"The rule is reasonably new so I'm not quite sure what effect it will have on my assessments," Brassel said. "I suppose it is a case of weighing up everything and evaluating whether trials will retain their good guideline for form assessments."

Brassel says utilising barrier trials is a great way of picking future winners.

"Obviously, most people don't have the time to get to the trials because they usually have to work on the Friday mornings when they are held," Brassel said.

Brassel says there are many aspects which have to be considered when evaluating trials. They are, according to Brassel:

What punters have to consider is that trials are run exactly opposite to the races. In a race which is a sprint, the first half of the race is invariably run faster than the latter half. In trials it is the opposite so the last 400m of a trial is worth noting.

"I clock the last 400m of every trial and that gives me a good indication of how well a horse has gone. It is interesting these days that most trainers, especially with two-year-olds, give their horses a solid hit-out in a trial because they are wanting to educate the youngsters for races like the Slipper and Magic Millions.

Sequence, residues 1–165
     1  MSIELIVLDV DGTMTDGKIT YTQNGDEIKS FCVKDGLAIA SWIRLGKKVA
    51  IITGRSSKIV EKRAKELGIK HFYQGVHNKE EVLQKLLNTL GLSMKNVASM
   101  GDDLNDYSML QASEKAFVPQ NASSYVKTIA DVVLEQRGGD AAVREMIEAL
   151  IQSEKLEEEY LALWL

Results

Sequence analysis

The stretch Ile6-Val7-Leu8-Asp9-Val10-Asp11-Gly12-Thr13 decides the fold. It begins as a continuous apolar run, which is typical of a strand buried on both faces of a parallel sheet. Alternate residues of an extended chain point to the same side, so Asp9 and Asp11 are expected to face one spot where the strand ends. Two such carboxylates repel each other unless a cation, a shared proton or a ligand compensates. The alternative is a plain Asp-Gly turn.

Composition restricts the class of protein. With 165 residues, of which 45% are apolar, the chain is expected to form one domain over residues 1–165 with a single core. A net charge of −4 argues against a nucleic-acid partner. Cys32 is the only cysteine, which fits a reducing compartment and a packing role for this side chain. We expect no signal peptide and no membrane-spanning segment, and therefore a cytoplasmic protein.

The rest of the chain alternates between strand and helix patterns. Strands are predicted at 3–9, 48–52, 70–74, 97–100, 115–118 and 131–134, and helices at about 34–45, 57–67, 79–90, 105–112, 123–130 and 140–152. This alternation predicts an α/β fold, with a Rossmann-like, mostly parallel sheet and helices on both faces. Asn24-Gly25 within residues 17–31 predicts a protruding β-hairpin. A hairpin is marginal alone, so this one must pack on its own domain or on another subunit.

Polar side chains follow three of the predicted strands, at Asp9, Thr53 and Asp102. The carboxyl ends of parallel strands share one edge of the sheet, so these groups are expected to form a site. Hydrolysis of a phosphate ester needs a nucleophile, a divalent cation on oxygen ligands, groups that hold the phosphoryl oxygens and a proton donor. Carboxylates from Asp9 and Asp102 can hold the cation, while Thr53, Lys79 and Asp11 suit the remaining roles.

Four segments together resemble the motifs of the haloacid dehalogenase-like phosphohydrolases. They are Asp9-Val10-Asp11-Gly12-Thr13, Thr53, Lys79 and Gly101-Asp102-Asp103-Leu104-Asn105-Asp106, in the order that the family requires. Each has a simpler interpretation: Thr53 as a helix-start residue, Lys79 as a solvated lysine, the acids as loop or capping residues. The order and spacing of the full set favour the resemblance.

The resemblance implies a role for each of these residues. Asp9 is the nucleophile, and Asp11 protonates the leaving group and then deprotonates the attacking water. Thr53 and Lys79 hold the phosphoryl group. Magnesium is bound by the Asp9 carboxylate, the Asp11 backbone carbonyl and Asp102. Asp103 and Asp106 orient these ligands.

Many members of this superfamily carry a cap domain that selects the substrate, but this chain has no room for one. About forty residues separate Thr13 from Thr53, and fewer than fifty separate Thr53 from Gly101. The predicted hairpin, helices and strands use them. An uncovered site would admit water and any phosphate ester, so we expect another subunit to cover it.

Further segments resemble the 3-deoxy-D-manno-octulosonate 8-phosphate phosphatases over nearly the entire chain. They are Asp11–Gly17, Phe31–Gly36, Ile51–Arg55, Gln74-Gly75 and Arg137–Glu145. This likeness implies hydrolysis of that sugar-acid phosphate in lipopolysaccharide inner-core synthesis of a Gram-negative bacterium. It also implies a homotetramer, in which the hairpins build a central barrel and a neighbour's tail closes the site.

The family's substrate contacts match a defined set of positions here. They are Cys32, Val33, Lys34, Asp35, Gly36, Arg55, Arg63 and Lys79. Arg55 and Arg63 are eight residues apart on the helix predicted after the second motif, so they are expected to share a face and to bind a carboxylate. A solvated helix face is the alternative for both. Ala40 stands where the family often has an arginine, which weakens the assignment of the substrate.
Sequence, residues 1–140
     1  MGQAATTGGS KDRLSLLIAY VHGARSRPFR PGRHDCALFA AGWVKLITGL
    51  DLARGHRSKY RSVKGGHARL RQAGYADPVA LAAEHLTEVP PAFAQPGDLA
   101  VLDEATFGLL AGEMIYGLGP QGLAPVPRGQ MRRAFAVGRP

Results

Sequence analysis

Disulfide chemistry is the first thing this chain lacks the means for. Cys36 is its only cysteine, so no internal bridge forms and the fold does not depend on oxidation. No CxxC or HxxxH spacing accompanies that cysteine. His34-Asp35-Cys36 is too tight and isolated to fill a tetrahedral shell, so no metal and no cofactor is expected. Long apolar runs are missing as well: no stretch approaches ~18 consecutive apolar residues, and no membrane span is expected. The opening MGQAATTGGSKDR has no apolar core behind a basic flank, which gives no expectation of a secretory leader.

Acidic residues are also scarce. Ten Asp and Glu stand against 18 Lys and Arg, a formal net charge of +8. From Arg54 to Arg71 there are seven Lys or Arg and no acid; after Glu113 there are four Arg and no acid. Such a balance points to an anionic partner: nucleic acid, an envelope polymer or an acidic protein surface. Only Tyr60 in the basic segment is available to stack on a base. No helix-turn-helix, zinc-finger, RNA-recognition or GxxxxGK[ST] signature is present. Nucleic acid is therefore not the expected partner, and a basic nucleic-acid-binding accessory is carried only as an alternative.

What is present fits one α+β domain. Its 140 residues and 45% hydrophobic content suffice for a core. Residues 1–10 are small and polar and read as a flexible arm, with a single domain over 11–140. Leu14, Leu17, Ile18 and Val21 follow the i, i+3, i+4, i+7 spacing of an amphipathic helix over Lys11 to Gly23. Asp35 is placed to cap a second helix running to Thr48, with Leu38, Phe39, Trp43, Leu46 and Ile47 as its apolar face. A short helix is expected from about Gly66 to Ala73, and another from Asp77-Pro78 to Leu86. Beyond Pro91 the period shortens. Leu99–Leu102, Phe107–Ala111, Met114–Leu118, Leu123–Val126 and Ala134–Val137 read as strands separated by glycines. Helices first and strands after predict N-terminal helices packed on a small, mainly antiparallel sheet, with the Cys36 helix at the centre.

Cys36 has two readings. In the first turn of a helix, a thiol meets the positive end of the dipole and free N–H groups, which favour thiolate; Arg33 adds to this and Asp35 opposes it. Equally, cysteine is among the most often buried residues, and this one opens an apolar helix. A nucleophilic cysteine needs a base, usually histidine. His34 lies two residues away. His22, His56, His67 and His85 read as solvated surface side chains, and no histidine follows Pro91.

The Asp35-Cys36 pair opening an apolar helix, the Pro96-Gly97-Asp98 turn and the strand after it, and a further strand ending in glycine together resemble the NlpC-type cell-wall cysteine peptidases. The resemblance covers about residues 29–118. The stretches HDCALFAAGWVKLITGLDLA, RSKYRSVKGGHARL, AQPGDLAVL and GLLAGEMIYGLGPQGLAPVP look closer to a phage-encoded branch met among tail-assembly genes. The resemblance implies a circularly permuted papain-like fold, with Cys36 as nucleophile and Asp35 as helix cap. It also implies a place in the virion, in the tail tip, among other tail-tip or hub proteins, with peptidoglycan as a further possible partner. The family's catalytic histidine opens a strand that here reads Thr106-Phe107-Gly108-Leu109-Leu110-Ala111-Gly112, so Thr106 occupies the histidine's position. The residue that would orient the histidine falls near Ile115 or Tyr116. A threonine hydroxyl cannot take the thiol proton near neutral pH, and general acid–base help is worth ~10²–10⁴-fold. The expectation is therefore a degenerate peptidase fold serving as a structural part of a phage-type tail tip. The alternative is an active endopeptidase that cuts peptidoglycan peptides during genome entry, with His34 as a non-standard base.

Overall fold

"Prize-money is vital early in the season to gain a start in those races so most trainers want their horses revved up."

Which is great for followers of trials because we get to genuinely see the ability of the young horses who haven't had disclosed form. Normally, if those horses can run a good final 400m, especially if they've been under some early pressure, then it is fair to say they have ability.

Of course, jockeys are allowed to give a horse a quiet run in a trial. So it is necessary to determine which horses are out under full pressure and which horses have had a cosy run and to what extent. This can only be achieved by watching as many horses as possible through the trial.

Some trainers, such as Tommy Smith, and Ray Guy, normally like their horses ridden out in trials so they have a solid grounding for when they return to races.

But other trainers, for example Bart Cummings, like their horses to relax early and, say, just sprint up the last 200m. So Bart's horses can often be difficult to assess because you just don't know how much they have in reserve.

So it gets down to personal opinion. Also, a horse might win a trial in fast time yet be under a stranglehold by the jockey, which gives an impression that the horse had a few lengths up his sleeve. Often, though, the horse doesn't have anything left, so it can be costly if you back him when he's next produced.